Oh, road trips. My memories of you are as sugar-coated as a Smith Kendon travel sweet.
My first childhood holidays were road trips. My parents would pack up our 1956 Land Rover Discovery (God rest its soul) and we’d hit the road. My two older brothers and I would sit in the back, taking turns on the Game Boy as we made our way from Hertfordshire to exotic-sounding places like “Iceland” and the “North Cape of Norway”.
There are sensory delights to a road trip. A good playlist can create a kind of audio-geographical memory, imprinting a song to a place (one of mine is Starman by David Bowie, now geotagged to a particular pass in the Trossachs). Then there’s the abundance of mint; I sometimes eat Polos to fool my brain into thinking I’m on a road trip.
But there’s also something indescribable about the joys of a road trip. There is a certain feeling (Robert MacFarlane probably knows a Swedish word for it) of embarking on a long journey in complete control of a vehicle, not knowing what detours or stop-offs you might take along the way. Maybe it’s just “freedom”. If it is, there’s something childishly exciting about this version of it.
But it recently dawned on me that my children, and almost certainly my children’s children (note, none of the above are born yet) may never embark on a road trip as we know it – for, if the forecasts are to be believed, they will live in a world of driverless cars.
There are more than a dozen car and tech companies developing driverless vehicles right now. Tesla, Uber, Google, Toyota, BMW, Ford, and – if you are one for the rumour-mill – Apple. Another is the German tyre-manufacturer Continental, who are taking a sidewards step into the world of autonomous vehicles.
I caught up with Soeren Pinkow from Continental to find out what the road trip will look like in the not-too-distant future and, crucially, to know whether my retirement road trip around Scotland (likely 2060 at the earliest – blimey) will be spent swilling a glass of crème de menthe while watching a hologram of Bowie performing Starman on the bonnet.
When will the first driverless road trips happen?
"We are currently assuming that highly automated driving will, from 2020, not only be technically possible on highways, but also regulated by law.
"By 2025, we plan to develop the first mass-production-ready, fully-automated driving systems, for higher speed ranges and more complex driving scenarios as well. Yet even in the medium term – that is before 2025 – thanks to active and intelligent surround view systems, vehicles will be capable of fully automated self-parking, even when the driver is no longer inside the vehicle."
How would a driverless road trip work?
"Figure out where your next road trip will take you to, get into your car, type in your destination and you're off. In times of digitalisation, a digital checkup may be required. Updates can be made 'over the air' and so existing hardware in the vehicle can activate new or extended functionalities."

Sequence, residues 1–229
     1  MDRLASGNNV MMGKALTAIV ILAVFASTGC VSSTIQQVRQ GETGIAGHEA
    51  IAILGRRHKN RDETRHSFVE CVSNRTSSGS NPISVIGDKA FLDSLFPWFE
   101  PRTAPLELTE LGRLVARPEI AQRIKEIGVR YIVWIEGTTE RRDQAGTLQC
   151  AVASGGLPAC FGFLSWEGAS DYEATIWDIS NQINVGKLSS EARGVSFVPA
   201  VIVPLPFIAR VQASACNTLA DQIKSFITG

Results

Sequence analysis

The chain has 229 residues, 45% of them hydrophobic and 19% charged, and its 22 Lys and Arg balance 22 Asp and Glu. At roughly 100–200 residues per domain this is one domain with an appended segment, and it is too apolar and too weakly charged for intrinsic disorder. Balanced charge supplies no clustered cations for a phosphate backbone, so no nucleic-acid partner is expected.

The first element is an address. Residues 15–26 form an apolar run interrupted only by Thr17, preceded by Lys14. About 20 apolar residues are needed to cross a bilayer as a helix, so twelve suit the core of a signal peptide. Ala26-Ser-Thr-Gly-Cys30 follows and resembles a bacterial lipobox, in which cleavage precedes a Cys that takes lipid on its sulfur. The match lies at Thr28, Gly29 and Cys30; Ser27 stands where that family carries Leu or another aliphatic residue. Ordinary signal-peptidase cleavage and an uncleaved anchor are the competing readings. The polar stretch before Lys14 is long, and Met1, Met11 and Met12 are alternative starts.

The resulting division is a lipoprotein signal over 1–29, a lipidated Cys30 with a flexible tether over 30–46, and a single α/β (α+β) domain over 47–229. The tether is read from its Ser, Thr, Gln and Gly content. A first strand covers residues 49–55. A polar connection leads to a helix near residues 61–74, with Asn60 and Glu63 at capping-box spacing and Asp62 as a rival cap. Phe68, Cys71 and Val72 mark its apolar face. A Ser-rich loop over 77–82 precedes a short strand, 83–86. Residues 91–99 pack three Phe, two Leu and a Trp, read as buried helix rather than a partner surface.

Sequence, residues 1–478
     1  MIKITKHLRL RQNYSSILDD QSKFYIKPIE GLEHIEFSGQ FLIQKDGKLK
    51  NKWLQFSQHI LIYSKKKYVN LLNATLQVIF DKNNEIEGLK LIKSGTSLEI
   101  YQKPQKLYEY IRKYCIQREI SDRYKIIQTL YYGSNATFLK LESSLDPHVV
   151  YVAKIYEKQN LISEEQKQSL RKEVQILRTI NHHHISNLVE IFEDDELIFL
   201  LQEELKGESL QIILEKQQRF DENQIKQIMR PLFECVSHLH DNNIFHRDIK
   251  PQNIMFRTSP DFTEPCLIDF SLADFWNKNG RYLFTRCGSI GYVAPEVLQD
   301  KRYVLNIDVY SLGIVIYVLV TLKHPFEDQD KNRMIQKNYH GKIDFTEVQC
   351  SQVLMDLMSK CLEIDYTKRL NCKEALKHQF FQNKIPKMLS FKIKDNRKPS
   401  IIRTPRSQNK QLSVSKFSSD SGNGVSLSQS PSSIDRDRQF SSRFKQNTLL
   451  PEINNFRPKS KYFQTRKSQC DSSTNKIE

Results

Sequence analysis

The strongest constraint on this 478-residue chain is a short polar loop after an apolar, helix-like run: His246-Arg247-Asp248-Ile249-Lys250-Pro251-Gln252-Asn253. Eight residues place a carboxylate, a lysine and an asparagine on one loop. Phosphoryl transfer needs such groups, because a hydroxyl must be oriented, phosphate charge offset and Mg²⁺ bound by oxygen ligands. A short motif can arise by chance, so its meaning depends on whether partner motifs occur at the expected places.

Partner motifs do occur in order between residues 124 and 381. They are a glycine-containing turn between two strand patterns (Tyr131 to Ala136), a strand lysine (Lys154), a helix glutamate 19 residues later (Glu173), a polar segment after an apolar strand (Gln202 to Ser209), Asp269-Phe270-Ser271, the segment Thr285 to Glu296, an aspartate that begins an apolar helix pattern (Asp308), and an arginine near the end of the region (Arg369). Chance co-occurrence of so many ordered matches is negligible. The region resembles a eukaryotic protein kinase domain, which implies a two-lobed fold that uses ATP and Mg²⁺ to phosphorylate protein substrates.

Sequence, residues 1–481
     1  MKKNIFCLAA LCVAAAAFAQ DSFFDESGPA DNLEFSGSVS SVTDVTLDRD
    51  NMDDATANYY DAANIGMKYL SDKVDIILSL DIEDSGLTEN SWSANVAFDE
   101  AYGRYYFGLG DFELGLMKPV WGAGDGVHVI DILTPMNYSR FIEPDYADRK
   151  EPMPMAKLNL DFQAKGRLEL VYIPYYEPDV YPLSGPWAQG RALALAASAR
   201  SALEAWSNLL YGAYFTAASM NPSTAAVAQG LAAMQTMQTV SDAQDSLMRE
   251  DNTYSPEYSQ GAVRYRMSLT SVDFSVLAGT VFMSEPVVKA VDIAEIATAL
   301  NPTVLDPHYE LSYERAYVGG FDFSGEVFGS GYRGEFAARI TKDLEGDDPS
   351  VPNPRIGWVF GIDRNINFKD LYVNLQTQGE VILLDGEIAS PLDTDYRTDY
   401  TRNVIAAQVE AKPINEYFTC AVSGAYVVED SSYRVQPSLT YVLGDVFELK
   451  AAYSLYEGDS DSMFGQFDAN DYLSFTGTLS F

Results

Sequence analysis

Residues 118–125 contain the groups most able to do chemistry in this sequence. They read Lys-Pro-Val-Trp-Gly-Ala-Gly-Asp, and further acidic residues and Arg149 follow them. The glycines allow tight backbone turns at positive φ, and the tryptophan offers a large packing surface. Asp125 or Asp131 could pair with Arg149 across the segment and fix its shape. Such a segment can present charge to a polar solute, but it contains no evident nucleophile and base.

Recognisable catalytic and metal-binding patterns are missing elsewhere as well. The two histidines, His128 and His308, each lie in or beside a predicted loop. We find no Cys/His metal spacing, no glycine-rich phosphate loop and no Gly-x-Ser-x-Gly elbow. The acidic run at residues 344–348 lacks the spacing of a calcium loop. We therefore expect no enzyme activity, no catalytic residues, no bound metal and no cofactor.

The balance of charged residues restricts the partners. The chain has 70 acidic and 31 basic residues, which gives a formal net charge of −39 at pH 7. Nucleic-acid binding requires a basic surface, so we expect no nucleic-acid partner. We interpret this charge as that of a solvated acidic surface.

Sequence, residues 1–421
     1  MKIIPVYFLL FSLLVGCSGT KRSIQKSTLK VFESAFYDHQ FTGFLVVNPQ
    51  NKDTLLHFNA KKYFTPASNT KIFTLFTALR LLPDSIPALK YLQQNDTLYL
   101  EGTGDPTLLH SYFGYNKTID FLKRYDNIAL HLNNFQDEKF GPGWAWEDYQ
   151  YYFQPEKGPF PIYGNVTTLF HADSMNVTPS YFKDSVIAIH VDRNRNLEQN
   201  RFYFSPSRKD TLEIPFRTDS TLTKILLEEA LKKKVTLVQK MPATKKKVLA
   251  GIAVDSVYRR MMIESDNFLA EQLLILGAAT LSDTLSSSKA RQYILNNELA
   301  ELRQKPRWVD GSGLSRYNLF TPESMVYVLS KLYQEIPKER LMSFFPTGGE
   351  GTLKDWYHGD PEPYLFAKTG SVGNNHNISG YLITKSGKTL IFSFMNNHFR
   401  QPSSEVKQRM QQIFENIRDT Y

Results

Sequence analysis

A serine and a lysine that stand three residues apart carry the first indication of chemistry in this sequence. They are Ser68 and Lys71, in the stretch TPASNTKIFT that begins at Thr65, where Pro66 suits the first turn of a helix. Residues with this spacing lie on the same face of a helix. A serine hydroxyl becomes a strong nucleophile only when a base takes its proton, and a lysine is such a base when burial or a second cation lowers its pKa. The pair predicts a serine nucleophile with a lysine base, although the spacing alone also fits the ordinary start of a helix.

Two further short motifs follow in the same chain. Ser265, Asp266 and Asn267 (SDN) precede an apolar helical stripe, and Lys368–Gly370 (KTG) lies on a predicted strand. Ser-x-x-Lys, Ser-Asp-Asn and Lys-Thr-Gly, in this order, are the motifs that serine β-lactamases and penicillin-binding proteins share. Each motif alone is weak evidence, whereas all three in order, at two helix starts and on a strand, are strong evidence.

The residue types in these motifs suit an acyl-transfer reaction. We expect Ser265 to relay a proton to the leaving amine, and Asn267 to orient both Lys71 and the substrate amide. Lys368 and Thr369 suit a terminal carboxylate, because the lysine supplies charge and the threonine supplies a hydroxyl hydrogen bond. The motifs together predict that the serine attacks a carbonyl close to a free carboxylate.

Will driverless cars take away the freedom of a road trip?
"Automated driving provides people with a means of deciding how to exercise control of their vehicles. Decision-making is not taken away from drivers; on the contrary, they enjoy greater freedom of action. They are always in a position to switch off the systems or to override them.
"When you are on a curvy mountain road and you want to enjoy the driving pleasure, you can drive manually. But when you are on a highway and have to drive straight ahead for miles you will enjoy that you can sit back and relax while the car does the driving."
So driverless might actually make driving more enjoyable?
"Automated driving in no way spoils the pleasure of driving – far from it: driverless enhances driving safety and comfort. Tedious stop-and-go in traffic jams is, presumably, not regarded as pleasurable driving; why shouldn't I let an assistant take over such tasks from me?
"If the traffic flow becomes a bit more lively, drivers can, of course, decide at any time when they want to resume control. Automated driving also gives the journey more variety so that when drivers themselves are driving, they do so with greater attention and concentration."
How would an automated car deal with, for example, the single-track roads in Scotland?
"It will take some time until you can drive automated on tricky, single-track roads. A prerequisite for that is a high-precision 3D map of the surroundings and a car that can detect the entire 360-degree surrounds of a car combined with V2X technologies for communicating with other traffic participants, as well as receiving information from the cloud."
How do you flick between "driverless" and manual?"
"This is achieved by a man-machine interface and is achieved in several stages so that a safe handover to the driver is assured. If the driver cannot takeover the driving task, the Cruising Chauffeur System will bring the vehicle to a safe stop, taking into account the traffic situation and the conditions around the vehicle."
Will I be able to enjoy a glass of wine on a driverless road trip?
"Using Germany as an example: once the draft law on automated driving comes into force, a partial transfer of the driving task to the vehicle will have become possible in Germany. The driver may devote his or herself to other matters while the system is driving in automated mode. However, the driver is still under an obligation to exercise due care and must, when requested from the vehicles, be able to resume the driving task."